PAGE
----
A new report accuses glyphosate producers of “buying science” in order to secure the substance’s position in the EU market.
According to the Buying Science report published by GLOBAL 2000 (Friends of the Earth Austria member of Pesticide Action Network-PAN) with the support of Avaaz, BUND, Campact, CEO, GMWatch, (PAN) Europe, PAN Germany, and Umweltinstitut München, Monsanto and other glyphosate manufacturers allegedly “distorted scientific evidence” on the public health impacts of the pesticide.
The authors of the report claim that, between 2012 and 2016, the companies sponsored a series of review articles published in scientific journals, all of which conclude that glyphosate and its commercial formulations are not carcinogenic.
“Glyphosate producers have used every trick in the book to enable regulatory authorities around the world to play down the alarming health effects of glyphosate. The fact that the agencies accepted their ‘assistance’ is nothing less than scandalous,” insisted Helmut Burtscher, one of the study’s authors.
Earlier this month (15 March), the European Chemicals Agency (ECHA) concluded that glyphosate weedkiller should not be classified as a carcinogen.
Environmentalist NGOs reacted strongly, with Greenpeace saying that the ECHA “sweeps glyphosate cancer evidence under the carpet”.
The Health and Environment Alliance (HEAL) went further, claiming that the decision contradicted the world’s most authoritative cancer research agency, the World Health Organisation’s International Agency for Research on Cancer (IARC), which classified glyphosate as a “probable carcinogen” in 2015.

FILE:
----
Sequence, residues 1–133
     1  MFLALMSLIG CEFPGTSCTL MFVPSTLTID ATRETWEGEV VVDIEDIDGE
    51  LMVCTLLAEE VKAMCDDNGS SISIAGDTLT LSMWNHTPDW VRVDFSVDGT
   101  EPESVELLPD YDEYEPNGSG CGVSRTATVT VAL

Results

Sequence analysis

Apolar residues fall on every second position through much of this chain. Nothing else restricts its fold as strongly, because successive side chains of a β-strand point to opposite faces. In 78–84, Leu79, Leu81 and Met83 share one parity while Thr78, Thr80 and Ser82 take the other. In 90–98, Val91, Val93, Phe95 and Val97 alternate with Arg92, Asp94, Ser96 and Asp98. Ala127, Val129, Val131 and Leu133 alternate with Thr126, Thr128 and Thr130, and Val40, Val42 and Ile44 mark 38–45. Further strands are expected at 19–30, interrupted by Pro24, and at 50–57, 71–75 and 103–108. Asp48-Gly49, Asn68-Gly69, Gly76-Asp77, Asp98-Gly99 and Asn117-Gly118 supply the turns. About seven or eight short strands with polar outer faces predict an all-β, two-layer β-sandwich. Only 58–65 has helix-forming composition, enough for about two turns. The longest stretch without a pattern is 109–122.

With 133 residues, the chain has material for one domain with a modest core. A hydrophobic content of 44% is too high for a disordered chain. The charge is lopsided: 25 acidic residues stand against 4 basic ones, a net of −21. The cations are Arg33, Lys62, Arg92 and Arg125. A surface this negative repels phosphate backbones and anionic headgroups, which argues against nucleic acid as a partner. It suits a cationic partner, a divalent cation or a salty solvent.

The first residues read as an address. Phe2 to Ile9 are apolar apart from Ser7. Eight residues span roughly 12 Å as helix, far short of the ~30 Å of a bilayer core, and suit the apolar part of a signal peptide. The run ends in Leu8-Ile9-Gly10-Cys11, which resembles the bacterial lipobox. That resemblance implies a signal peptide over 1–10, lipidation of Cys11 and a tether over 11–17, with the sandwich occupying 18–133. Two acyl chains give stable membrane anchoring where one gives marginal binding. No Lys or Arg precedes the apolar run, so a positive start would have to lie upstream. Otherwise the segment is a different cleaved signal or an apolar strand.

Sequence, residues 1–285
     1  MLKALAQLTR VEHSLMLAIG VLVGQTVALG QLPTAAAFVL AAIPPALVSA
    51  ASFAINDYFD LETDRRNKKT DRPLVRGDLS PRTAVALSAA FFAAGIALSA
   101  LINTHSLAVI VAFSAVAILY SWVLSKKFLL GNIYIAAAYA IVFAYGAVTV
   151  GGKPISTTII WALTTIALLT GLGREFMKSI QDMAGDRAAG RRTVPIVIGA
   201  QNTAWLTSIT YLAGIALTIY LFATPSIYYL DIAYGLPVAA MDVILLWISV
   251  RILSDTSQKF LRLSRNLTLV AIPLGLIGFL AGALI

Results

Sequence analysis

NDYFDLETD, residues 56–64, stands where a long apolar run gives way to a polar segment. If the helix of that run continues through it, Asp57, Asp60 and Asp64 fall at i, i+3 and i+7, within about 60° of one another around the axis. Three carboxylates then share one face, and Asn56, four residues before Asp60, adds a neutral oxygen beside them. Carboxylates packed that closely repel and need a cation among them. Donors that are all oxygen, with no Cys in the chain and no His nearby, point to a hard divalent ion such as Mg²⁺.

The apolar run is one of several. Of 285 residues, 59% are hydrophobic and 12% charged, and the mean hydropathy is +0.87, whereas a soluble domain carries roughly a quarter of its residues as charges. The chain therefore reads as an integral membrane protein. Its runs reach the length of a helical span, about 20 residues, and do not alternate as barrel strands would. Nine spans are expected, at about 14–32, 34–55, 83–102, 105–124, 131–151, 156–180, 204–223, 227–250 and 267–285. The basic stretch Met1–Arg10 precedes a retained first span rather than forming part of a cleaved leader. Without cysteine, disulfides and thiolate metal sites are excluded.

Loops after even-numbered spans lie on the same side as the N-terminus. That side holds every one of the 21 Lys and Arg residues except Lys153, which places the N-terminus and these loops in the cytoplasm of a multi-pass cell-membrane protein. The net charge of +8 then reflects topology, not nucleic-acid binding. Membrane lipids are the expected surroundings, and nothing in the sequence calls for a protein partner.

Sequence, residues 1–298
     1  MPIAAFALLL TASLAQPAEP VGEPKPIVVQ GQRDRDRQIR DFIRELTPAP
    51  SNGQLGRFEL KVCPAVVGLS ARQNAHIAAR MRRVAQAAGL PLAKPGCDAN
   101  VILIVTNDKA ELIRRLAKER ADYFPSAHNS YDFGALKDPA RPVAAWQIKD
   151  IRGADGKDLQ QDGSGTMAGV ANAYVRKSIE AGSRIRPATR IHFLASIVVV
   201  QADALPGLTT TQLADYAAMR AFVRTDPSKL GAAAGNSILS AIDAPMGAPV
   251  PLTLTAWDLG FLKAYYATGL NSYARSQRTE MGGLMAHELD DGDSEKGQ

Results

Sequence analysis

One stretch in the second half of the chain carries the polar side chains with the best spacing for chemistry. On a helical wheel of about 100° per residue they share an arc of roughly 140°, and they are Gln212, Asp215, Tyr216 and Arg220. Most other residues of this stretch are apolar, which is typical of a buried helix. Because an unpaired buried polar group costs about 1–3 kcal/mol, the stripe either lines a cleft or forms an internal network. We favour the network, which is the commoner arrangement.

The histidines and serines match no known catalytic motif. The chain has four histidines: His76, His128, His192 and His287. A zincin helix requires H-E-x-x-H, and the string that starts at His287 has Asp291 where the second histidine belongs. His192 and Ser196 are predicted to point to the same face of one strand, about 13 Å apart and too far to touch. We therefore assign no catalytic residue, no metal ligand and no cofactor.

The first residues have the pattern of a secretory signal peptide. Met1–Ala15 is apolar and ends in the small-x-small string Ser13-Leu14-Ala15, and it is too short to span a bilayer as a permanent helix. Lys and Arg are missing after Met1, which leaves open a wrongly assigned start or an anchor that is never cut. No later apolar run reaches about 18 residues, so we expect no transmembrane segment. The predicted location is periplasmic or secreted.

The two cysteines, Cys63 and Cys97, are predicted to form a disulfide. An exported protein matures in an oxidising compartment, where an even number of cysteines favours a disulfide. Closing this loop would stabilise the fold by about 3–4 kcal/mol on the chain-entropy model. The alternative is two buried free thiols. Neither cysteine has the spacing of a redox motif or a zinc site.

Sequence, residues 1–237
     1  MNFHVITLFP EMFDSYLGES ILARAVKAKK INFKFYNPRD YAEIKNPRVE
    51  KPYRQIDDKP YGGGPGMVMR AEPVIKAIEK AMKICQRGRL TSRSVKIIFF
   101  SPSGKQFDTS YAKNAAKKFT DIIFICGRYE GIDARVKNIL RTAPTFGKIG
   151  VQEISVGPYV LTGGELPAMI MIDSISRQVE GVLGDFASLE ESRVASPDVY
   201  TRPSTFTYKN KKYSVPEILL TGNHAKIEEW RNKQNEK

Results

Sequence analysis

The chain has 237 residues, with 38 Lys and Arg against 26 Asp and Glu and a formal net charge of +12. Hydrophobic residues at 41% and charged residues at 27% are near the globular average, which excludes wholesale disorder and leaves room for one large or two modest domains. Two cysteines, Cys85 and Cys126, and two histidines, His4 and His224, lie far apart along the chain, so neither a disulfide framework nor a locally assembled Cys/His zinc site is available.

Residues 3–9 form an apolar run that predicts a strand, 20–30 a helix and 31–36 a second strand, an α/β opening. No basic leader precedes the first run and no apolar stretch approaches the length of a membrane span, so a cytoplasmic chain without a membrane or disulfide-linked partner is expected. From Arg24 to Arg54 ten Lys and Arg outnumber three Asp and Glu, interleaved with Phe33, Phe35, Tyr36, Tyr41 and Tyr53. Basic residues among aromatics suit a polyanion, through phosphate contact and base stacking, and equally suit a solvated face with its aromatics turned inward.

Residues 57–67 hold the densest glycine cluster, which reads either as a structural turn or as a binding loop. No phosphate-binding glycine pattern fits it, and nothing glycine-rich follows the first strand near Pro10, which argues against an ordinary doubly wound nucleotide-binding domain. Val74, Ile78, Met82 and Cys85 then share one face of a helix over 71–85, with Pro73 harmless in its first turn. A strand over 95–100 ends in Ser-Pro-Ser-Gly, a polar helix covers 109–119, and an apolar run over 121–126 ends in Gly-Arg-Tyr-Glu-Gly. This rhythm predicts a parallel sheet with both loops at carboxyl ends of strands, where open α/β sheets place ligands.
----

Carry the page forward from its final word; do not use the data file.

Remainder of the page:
The NGOs claim that these reviews proving glyphosate is safe contain “fundamental scientific flaws spanning from apparently calculated omissions and the introduction of irrelevant data to the violation of OECD guidance for the evaluation of rodent cancer studies”.
“The reviews also consistently assign greater weight to unpublished industry studies than to studies that were peer-reviewed and published in scientific journals,” the report noted.
The report stressed that regulatory authorities like Germany’s Federal Institute for Risk Assessment (BfR), the European Food Safety Authority (EFSA) and the US Environmental Protection Agency (EPA) have all drawn on such review articles, which have concluded that glyphosate was not carcinogenic, have actually referred to these industry-sponsored review articles.
“In contrast, IARC refused to consider the unpublished industry studies summarised in industry-sponsored reviews in its assessment of glyphosate, stating that the data presented therein were insufficient and important details were lacking […] IARC generally does not accept unpublished scientific evidence,” the authors of the report concluded.